It was all my own fault. I was winding down before bed, reading Twitter on my phone. I follow the PsyPAG tweets because they’re a brilliant resource for psychology post-graduates but lately I’ve been finding some of the #phdchat items a little hard to read because I’m in an odd place with my thesis at the moment: technically on hold, actually trying to work as much as possible as insurance against events later in the year which are going to limit my time for study. And always, always the nagging sense that I’m not doing enough, not writing enough, not reading enough – and even when I do, the stuff I’m producing feels amateurish, plodding, dull. So, clicking on an item titled ‘How not to write a PhD thesis’ was a fantastic idea… I was almost in tears by the end of it and the next morning I’m still feeling frantic and miserable.
It’s not that the article is bad – it’s really not! It’s a sensibly written practical piece containing a wealth of tips that I will genuinely use when I get to writing my abstract and drawing together my conclusions. It’s written with a stern but friendly tone that I appreciate and I think the author would make a brilliant examiner, shame she’s not in my field. But… but.
Examining PhDs is both a pleasure and a curse. It is a joy to nurture, support and help the academy’s next generation, but it is a dreadful moment when an examiner realises that a script is so below international standards of scholarship that there are three options: straight fail, award an MPhil or hope that the student shows enough spark in the viva voce so that it may be possible to skid through to major corrections and a full re-examination in 18 months.
I actually felt sick reading that. This is going to sound arrogant but bear with me – I’ve blocked the possibility to failing from my mind: my ‘worst-case’ has always been that I’ll get myself into such a pickle with my research that I have no choice but to withdraw. (And trust me, that’s been on my mind a lot over the last year.) I’ve pretended to myself that as long as I get to the point of submitting a thesis, the problems and mistakes and glaring holes in my arguments will have been dealt with and I’d be ok. There’s a very real chance that might not be the case and I am back to being absolutely terrified. I’m on study leave for the next couple of days and I just cannot settle to reading or writing anything without listening to the great, yammering panic in the back of my mind screaming at me that it’s all pointless and I’m going to fail anyway.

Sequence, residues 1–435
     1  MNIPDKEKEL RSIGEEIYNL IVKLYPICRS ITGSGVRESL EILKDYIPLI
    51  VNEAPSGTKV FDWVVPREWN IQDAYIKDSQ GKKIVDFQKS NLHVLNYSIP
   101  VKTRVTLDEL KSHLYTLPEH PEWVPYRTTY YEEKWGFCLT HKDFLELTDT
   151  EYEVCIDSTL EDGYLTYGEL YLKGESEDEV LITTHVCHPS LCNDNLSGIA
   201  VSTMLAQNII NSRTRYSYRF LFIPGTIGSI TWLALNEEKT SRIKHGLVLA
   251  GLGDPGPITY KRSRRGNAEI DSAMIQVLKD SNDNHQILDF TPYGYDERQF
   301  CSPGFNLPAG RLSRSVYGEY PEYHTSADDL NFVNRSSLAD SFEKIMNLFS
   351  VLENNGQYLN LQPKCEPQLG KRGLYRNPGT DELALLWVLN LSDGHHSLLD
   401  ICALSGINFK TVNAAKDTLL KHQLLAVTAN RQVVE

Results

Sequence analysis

Spiced Citrus Carrot Cake Muffins
Do you remember Boaster biscuits? They were like hobnobs but with orange, lemon and lime flavours. They did horrible things to your tea if you dunked them, but they tasted fantastic. And that’s the flavour I’m trying to evoke here with the lemon and lime zest plus lemon and orange extract in the cakes and orange spice topping.
For 6 cupcakes
- 80g brown muscovado sugar
- 100g self-raising flour
- 1 tsp bicarbonate of soda
- 1 tsp cinnamon
- 1 tsp ginger
- 1/4 tsp ground cloves
- 1/4 tsp allspice
- 100g sultanas
- Zest of 1 lemon and one lime
- Juice of 1 lemon
- 1/2 tsp each orange and lemon extract
- 1 egg
- 75ml vegetable oil
- 100g carrots, grated
- 50g butter, softened
- 100g soft cheese
- 75g icing sugar, sifted
- 1 drop orange extract
- Cinnamon for dusting
- Heat oven to 180C/160C fan/gas 4 and line a 6-hole muffin tin with cases. (I’m using those beautiful silicone ones up above.)
- In a large mixing bowl, mix the sugar, flours, bicarbonate of soda, mixed spice, extracts and zest/juices.
- Whisk together the egg and oil, then stir into the dry ingredients with the grated carrot and sultanas.
- Divide the mixture between cases and bake for 20-22 mins until a skewer poked in comes out clean. Cool on a wire rack before icing
- For the icing, beat the butter until really soft, then beat in the soft cheese, icing sugar and extract.
- Use a palette or cutlery knife to swirl the icing on top of the cakes, then dust with the mixed spice.
(Original recipe here.)